In software engineering and development, CI (continuous integration) is a code maintainability practice. Every time we make a change to our code, we repeat the CI process to ensure the code works correctly.
CI provides fast feedback whenever a recent update causes the code to break so the programmer can work on correcting the issue before releasing updated code. CI is considered one of the basic foundations of the Agile software development methodology but we can use CI in any software development methodology. Using CI adds another level of security and ensures our code remains high-quality for the users.
How Does CI Work?
Jez Humble and David Farley describe CI in their book Continuous Delivery: Reliable Software Releases Through Build, Test, and Deployment Automation. Using CI is like having a checklist to go through every time you (or a team member) add something to the codebase.
The CI checklist has 6 items.
What Are the 6 Steps of CI?
- Check that the current version of the code is working correctly before introducing new changes.
- Ensure the recent changes execute successfully on your local server before submitting them to the codebase.
- If the recent changes execute successfully, add them to the codebase and check if it still works.
- Use a CI tool to check everything.
- If the build fails, check the problem, try fixing it and return to step two.
- If the build passes, go on to the following change or release the new version.
Why Use CI?
For companies and individuals, catching errors and potential weaknesses in the code early on can save money and effort while maintaining a good user experience. Using CI allows you to detect these potential risks efficiently, thereby leading to a smoother path through the software development life cycle.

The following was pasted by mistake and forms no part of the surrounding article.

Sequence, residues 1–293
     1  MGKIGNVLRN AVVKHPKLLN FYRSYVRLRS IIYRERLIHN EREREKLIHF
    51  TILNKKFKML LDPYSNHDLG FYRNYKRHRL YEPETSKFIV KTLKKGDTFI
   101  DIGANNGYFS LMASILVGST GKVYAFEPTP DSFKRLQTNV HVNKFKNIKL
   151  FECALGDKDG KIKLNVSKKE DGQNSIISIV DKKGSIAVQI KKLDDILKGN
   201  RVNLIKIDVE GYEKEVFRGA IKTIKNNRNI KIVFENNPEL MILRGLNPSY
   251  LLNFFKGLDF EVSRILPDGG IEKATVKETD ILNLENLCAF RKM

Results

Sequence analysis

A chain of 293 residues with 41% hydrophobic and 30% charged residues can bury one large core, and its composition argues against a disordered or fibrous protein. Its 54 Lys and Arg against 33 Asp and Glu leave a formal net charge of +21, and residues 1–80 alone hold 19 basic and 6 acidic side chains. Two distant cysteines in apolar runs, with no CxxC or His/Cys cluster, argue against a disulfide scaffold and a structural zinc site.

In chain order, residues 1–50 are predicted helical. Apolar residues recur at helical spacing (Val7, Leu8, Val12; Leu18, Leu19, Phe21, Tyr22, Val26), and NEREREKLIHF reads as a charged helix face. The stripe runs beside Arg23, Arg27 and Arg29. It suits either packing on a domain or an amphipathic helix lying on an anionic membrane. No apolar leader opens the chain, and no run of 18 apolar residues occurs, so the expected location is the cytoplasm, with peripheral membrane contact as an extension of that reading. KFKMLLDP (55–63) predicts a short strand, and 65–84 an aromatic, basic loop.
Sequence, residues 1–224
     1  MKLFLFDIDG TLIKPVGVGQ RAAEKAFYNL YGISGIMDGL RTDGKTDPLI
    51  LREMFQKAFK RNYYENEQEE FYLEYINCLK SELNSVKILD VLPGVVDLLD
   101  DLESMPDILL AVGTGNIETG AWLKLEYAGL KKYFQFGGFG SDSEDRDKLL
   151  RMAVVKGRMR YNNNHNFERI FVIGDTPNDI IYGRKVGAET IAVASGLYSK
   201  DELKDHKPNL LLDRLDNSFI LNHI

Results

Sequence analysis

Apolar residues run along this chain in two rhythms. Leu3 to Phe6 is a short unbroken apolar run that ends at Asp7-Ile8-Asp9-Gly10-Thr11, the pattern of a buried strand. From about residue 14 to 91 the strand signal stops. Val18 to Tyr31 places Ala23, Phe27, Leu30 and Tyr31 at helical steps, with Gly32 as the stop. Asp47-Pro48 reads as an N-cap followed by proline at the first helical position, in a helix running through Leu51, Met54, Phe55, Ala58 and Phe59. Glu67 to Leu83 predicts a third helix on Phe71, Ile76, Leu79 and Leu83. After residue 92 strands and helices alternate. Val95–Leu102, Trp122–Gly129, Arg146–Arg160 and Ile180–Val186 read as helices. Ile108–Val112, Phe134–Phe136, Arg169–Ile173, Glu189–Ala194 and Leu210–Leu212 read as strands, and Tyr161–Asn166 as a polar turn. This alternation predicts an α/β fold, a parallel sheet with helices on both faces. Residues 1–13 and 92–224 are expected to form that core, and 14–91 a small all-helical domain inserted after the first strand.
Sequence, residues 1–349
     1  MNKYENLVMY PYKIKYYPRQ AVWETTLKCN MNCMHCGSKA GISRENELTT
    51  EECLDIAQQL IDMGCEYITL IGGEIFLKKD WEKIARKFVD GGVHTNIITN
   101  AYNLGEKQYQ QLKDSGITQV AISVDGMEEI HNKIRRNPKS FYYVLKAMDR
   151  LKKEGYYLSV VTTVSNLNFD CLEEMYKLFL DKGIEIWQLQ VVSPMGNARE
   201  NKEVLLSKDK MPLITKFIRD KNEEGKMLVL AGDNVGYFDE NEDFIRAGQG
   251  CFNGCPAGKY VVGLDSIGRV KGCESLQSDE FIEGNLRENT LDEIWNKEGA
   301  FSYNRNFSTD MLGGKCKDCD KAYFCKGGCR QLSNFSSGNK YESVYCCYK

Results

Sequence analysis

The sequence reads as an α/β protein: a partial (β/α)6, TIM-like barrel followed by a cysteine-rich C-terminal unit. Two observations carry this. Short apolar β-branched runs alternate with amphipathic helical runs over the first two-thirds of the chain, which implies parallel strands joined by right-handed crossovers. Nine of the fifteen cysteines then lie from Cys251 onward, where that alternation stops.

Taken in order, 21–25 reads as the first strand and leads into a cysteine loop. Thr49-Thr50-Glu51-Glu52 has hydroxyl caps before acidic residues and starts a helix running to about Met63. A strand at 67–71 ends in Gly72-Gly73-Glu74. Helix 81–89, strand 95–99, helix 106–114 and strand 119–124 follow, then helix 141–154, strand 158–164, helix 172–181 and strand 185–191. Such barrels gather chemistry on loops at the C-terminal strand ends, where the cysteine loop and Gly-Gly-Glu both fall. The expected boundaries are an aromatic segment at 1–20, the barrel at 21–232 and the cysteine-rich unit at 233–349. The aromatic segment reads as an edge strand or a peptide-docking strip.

CI Common Practices
In order to use CI effectively in your project, make sure you:
- Test your build regularly.
- Commit new changes regularly rather than waiting until you have many changes. This will make it easier to track bugs.
- Improve your builds so they will be fast and simple.
- Make sure your tests imitate the production environment.
- Document bugs and errors often to avoid repeating them.
What Are the Benefits of CI?
Incorporating CI in the development process can have several benefits for the development team. Using CI in the software development process can:
- Save time and resources: When a development team uses CI, they can save time by fixing any risks once they occur and ensuring the code deployment is simple and efficient.
- Scale the codebase: Using CI enables teams to scale their codebase size by eliminating the worry of code breakage at any point in the development process.
- Clarify communication: When done properly, CI can lead to better team communication and collaboration.
There are many tools you can use to build CI pipelines while maintaining quality code readability and quality. The three most-used tools are:
- Jenkins: Jenkins is an open-source CI automation server that allows users to distribute tests and builds over multiple devices for better speed and efficiency. Jenkins also provides many features, such as automated unit tests and test reporting.
- GitLab: GitLab is another open-source tool that can run unit and integration tests. Like Jenkins, GitLab can divide builds on multiple devices to decrease execution times. It also supports integration with tools such as Atlassian Jira and Jenkins.
- JetBrains is another integration and management server for CI that enables the team to test their code before they commit changes to the main code base. If a test fails, the tool sends a notification to stop integration.
CI vs. CD: What’s the Difference?
Whenever you read about CI, it’s often combined with CD (continuous delivery). The software development process has three stages: integration, deployment and delivery. These three stages take software from idea to implementation, and finally to the end user.
CI is the first step of that process and covers how different team members contribute to the same codebase. CI ensures their contribution doesn’t break the codebase and that they work together without clashing.
The next step is continuous delivery. This step takes care of packaging the software for the end users, thereby ensuring the available version is always functioning.
The last step of the development process is continuous deployment. This step automates deploying the software to the user after confirming both previous steps are passed successfully. Most tools used for CI can also be extended to include CD.